The Great Faith Divide

I wonder if parents have always mourned the lack of faith in their children. When I am visiting with older members of SLC, it is one of their great heartaches when they have a child or children who do not believe in God or are simply apathetic about faith and the church.
A group of us gathered to watch and discuss the movie Philomena on Sunday night, and that theme of the faith of the “parent” and the lack of faith of the “child” in the movie was so apparent to me watching it this time around. Philomena would say that it is absolutely her faith that enabled her to get through 50 years of wondering what happened to the son she had who she was forced to place into adoption by the nuns with whom she boarded. When she meets and travels with the reporter to try and find out what happened to her son, they get into several debates about her faith, he coming down on the side of not believing.
What was troubling about him though, was the condescension with which he viewed Philomena’s faith. He saw himself as so much more educated and enlightened. But as Philomena pointed out to him, he was an angry man who was suspicious of everyone he met, while she thought everyone she met was “one in a million,” and was therefore a much happier person.
I realize that these may have also had to do with the characters respective personalities, but I do find it striking how often children don’t consider the faith of their parents to be important.
When we grow up, it is part of the deal that we often end up disagreeing with our parents. We differ politically, in how we raise our kids, in many ways. But what is troubling is when we don’t honor each other’s differences. We are all guilty of this—I know I am.
For Philomena, as well as for many parents, their faith is the thing in their life they value more than anything else. So it is particularly troubling when the church is not even called when something happens to a faithful elderly member because it seems that it doesn’t even occur to the kids to call and let us know.
As I think about my own kids, there is nothing I want more for them than to be faithful adults who are an active part of a faith community. But I know that I don’t have much control over that. There are countless kids who grew up active in a church and when they left home, they left church.
So what are we to do? We can get down on our knees and keep praying. And a big thing is keeping the 4th commandment– honor your parents, to which God also added that parents are to honor their children. I hope I can be better about honoring what makes my parents who they are. We are very different politically, but we all want the best for people, we just have different ideas about how to accomplish that. So I need to remember to respect and honor who they are and what they believe.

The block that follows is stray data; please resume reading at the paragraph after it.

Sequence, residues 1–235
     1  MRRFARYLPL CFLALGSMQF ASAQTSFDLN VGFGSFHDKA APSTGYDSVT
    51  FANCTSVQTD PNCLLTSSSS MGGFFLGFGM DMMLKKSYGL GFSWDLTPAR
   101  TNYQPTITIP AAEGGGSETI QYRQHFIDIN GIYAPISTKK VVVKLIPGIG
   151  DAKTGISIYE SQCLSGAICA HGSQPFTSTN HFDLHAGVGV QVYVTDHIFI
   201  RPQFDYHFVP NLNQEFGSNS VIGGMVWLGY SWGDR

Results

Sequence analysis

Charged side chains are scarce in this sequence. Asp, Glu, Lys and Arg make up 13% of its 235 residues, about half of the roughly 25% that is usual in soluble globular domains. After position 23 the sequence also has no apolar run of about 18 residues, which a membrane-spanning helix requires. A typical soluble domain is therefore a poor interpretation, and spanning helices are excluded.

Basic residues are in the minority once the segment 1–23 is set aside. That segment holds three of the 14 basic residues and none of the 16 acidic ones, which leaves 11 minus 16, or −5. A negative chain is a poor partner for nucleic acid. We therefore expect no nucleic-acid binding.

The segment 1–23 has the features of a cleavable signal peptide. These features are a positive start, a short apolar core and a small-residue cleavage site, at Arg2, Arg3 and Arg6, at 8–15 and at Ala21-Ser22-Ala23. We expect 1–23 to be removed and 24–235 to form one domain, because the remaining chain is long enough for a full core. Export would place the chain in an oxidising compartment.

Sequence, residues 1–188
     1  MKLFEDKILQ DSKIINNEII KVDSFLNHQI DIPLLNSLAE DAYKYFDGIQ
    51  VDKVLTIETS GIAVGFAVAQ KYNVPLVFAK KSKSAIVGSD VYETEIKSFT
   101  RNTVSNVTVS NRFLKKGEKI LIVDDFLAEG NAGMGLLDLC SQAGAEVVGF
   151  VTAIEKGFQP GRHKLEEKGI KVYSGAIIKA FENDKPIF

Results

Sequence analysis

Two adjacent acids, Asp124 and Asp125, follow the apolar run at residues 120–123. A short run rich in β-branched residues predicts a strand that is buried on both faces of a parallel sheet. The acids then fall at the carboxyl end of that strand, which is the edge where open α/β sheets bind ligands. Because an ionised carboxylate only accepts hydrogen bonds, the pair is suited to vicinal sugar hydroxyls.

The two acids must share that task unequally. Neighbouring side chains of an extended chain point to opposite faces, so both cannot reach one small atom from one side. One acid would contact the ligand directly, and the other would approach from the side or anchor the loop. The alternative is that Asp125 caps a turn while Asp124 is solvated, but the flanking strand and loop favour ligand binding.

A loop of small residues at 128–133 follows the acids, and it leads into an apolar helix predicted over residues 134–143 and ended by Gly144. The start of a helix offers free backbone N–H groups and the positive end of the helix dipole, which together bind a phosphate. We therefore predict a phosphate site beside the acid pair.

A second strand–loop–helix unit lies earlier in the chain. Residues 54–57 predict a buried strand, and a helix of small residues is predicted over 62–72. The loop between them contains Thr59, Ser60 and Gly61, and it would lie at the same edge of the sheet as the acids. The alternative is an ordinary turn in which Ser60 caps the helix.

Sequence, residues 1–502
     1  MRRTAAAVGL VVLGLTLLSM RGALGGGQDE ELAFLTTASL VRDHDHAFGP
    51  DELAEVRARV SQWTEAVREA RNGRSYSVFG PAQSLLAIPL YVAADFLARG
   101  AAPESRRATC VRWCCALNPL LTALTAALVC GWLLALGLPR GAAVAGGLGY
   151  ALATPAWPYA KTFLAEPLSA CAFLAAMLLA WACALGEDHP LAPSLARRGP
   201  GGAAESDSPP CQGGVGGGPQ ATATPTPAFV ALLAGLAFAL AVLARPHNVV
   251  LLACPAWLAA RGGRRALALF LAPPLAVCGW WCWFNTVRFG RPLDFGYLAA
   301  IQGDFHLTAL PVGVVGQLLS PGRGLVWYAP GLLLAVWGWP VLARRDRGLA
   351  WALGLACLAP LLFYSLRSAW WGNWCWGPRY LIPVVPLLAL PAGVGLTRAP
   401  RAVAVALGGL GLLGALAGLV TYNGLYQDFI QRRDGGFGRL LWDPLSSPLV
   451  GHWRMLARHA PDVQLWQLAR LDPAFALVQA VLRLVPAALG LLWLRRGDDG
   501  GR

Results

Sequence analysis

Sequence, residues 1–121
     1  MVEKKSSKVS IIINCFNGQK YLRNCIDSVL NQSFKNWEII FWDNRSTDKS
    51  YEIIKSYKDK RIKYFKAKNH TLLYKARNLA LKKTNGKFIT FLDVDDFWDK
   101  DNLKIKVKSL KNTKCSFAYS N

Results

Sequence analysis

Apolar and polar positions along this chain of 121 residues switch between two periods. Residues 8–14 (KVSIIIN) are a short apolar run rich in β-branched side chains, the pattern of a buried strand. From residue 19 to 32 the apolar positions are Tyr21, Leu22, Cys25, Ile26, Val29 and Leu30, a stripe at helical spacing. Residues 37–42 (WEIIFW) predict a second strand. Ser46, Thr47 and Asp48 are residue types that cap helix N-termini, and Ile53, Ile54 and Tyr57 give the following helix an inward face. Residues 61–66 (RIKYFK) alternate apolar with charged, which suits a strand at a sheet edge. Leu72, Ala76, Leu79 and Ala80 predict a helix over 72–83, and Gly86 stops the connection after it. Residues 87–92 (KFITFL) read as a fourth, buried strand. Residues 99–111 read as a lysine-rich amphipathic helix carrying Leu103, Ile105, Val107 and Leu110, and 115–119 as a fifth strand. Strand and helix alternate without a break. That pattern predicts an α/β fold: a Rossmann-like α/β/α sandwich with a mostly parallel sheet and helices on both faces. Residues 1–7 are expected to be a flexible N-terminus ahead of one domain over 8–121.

Parents need to honor their children’s choices, but I hope children know the conundrum into which this puts people of faith. When you believe in Jesus and there is nothing in the world you value more than that relationship, and when Jesus tells you to tell others about him, it is hard to know what to do with those who don’t believe. It’s a little bit like when you see the best movie you ever saw and you want everyone to see it. And you show it to the person you love the most and they don’t like it at all–it really throws you for a loop. It is hard not to keep asking them to watch the movie one more time.
That is why that word honor is key. We should honor who each other is. Give dignity and respect to what makes your parents who they are and what makes your kids who they are. This means your parents will probably keep inviting you to church. And parents, you might keep hearing no. But keep showing honor, love, patience, and respect.
It is a lesson we sinners all need to hear again and again, isn’t it?

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2 responses to “The Great Faith Divide

  1. Parents need other venues to support their effort to instill a love of God in their children. The Church should be a major contributor and should be active in helping kids to continue in their faith after leaving home. For out children Young Life was a great help in making Christian Faith a central factor in their life because it was an outside organization that was well designed to meet kids where they were in their life.

  2. Hello, Pastor Paula —

    This is so insightful.

    Our three kids and granddaughters are, thankfully, practicing Christians — but we always feel for our friends who lament the unbelief of their children. It almost makes it worse, when they adopt Buddhism, new forms of Hinduism (new age) or the spiritual form of yoga out there. Once the kids have found their “own”, they seem to harden even more.

    I agree — we live in a world, increasingly hostile to Christian beliefs, especially waged in the media. They make no “bones” about bashing us — goes far beyond their personal selves, like the journalist in the movie.

    Your writing alerted me, though, about my Advance Directive. If my family is in a situation where I cannot make end of life decisions for myself, I will add a note for them to contact our pastors as they ponder my wishes. They might not think of that soon enough. Each having their own churches — this would be a unifying influence.

    Thank you for sharing your movie-thoughts!

    See you Saturday! Sharon

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